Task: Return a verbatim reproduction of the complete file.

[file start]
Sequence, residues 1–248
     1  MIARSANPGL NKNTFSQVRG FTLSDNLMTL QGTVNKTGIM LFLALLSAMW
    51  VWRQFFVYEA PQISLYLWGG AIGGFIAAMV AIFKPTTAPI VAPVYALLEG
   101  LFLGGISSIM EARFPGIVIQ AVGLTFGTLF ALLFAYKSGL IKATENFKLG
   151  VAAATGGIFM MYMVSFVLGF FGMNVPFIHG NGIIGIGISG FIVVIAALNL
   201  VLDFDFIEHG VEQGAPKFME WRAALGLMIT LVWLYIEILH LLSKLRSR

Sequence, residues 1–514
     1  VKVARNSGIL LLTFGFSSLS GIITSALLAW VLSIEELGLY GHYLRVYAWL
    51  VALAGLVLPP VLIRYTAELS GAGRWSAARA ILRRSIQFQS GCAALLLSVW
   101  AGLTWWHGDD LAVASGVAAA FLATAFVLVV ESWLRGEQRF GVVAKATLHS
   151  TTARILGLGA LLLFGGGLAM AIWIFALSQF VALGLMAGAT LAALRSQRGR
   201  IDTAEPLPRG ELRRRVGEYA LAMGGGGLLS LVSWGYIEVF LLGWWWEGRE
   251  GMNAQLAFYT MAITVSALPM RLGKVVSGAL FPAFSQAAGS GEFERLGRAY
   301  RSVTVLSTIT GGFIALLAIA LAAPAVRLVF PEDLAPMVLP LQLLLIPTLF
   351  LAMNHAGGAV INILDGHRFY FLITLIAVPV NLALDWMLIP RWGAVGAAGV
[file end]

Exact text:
Sequence, residues 1–248
     1  MIARSANPGL NKNTFSQVRG FTLSDNLMTL QGTVNKTGIM LFLALLSAMW
    51  VWRQFFVYEA PQISLYLWGG AIGGFIAAMV AIFKPTTAPI VAPVYALLEG
   101  LFLGGISSIM EARFPGIVIQ AVGLTFGTLF ALLFAYKSGL IKATENFKLG
   151  VAAATGGIFM MYMVSFVLGF FGMNVPFIHG NGIIGIGISG FIVVIAALNL
   201  VLDFDFIEHG VEQGAPKFME WRAALGLMIT LVWLYIEILH LLSKLRSR

Sequence, residues 1–514
     1  VKVARNSGIL LLTFGFSSLS GIITSALLAW VLSIEELGLY GHYLRVYAWL
    51  VALAGLVLPP VLIRYTAELS GAGRWSAARA ILRRSIQFQS GCAALLLSVW
   101  AGLTWWHGDD LAVASGVAAA FLATAFVLVV ESWLRGEQRF GVVAKATLHS
   151  TTARILGLGA LLLFGGGLAM AIWIFALSQF VALGLMAGAT LAALRSQRGR
   201  IDTAEPLPRG ELRRRVGEYA LAMGGGGLLS LVSWGYIEVF LLGWWWEGRE
   251  GMNAQLAFYT MAITVSALPM RLGKVVSGAL FPAFSQAAGS GEFERLGRAY
   301  RSVTVLSTIT GGFIALLAIA LAAPAVRLVF PEDLAPMVLP LQLLLIPTLF
   351  LAMNHAGGAV INILDGHRFY FLITLIAVPV NLALDWMLIP RWGAVGAAGV